If you live in the U.S. you’re less likely than people elsewhere to notice the need to switch the Internet to IPv6. Each of a range of large U.S.-based companies and organizations, including Apple, IBM, HP, Ford, and MIT, were allocated a block of nearly 17 million addresses soon after IPv4 was introduced, and a large portion of those addresses remain unused.
In countries where the number of people connecting online is growing fast, the problem is more urgent. China has nearly 400 million Internet users but only about 330 million IP addresses. Compare those figures with those for the United States, which holds about 1.5 billion addresses—40 percent of the total of 3.7 billion usable addresses. (The other half billion are unusable for a variety of reasons.) India, with its population of roughly 1.1 billion, has only about 35 million addresses.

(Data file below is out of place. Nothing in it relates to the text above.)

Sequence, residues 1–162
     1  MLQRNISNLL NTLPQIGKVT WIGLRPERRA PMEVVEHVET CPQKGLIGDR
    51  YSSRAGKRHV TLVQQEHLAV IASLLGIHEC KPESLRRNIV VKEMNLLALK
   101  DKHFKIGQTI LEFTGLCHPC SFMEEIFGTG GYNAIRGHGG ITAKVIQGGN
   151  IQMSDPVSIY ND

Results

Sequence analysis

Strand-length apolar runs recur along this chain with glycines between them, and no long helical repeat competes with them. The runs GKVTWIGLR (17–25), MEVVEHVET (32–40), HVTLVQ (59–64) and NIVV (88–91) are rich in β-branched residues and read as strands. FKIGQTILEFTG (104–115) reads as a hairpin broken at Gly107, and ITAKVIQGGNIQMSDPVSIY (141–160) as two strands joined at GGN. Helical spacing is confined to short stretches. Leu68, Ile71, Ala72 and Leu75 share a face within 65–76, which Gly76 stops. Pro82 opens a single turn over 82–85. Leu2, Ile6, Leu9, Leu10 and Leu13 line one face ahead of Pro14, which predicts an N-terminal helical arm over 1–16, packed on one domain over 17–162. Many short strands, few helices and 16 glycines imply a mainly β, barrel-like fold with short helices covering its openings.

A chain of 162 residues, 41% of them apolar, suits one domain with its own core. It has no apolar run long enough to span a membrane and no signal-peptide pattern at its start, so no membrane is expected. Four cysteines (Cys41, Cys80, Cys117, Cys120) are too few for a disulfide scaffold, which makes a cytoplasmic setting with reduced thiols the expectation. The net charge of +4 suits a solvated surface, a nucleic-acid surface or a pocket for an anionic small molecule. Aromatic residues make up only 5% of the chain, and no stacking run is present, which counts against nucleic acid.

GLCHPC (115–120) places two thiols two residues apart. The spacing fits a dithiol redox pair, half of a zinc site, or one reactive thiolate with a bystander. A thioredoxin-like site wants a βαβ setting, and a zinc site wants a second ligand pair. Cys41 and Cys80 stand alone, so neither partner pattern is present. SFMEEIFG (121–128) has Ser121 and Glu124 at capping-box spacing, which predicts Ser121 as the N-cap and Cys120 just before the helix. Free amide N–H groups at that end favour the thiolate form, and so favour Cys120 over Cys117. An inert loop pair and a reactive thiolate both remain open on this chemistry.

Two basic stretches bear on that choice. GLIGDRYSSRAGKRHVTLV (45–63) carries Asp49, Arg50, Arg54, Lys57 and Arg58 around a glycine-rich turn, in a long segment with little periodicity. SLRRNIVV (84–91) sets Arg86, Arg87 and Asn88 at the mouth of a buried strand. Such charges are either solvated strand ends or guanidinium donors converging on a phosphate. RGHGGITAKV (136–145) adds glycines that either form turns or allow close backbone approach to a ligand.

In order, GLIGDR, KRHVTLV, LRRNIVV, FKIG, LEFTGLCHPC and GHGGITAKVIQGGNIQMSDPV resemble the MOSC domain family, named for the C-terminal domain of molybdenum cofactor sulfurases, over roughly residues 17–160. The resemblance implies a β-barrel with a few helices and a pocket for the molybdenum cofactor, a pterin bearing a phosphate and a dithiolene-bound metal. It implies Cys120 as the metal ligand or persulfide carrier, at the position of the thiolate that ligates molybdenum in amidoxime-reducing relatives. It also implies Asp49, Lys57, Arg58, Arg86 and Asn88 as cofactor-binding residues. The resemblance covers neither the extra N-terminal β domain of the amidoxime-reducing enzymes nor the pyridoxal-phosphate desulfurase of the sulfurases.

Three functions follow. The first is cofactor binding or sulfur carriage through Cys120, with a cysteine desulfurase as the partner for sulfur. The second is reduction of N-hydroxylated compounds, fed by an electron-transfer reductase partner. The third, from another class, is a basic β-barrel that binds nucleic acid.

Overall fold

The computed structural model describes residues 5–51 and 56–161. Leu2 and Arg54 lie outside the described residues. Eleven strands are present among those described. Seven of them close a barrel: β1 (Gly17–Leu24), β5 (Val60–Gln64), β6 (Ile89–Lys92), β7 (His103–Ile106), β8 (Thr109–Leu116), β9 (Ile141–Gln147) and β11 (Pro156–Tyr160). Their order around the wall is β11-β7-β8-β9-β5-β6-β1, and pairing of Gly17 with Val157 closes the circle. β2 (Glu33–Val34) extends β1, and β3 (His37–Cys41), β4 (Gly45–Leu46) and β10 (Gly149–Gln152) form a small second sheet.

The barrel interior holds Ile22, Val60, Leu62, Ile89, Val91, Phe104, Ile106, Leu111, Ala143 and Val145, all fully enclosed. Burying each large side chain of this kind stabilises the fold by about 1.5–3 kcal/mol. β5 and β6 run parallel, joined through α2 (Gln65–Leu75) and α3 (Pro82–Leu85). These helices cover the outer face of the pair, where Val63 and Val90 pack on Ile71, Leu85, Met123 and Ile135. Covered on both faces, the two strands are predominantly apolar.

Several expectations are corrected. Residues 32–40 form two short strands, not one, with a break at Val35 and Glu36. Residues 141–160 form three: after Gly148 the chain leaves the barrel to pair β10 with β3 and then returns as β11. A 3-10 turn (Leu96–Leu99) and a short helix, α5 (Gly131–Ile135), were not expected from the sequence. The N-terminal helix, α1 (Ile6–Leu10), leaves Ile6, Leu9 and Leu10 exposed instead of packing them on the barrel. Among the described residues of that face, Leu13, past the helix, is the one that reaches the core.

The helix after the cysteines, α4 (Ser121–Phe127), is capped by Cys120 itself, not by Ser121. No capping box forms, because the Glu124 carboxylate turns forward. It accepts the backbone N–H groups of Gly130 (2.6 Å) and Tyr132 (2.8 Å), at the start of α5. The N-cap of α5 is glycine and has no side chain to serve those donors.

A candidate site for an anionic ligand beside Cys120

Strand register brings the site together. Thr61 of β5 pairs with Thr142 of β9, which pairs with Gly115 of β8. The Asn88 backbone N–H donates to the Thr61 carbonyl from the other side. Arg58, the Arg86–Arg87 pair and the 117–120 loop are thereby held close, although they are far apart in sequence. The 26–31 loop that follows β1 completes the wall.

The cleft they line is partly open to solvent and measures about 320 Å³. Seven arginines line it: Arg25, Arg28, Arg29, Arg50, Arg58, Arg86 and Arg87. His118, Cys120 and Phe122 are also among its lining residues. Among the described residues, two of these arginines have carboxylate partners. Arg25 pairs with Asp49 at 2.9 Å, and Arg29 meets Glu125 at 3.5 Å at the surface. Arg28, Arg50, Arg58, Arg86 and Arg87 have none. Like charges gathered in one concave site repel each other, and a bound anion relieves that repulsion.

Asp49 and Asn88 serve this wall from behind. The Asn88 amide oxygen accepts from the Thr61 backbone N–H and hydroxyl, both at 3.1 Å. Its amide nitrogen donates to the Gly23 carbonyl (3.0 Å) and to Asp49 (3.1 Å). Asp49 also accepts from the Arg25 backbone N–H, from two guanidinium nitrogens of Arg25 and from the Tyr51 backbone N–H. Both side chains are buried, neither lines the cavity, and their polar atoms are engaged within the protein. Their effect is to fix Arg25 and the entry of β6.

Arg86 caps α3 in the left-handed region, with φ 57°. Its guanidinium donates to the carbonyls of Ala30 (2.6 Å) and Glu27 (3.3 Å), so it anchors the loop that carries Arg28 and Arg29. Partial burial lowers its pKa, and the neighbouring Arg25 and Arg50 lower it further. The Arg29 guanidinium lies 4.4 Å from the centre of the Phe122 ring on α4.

Internet population: The proportion of countries’ populations using the Internet.
Source: World Bank. Last updated April 2011.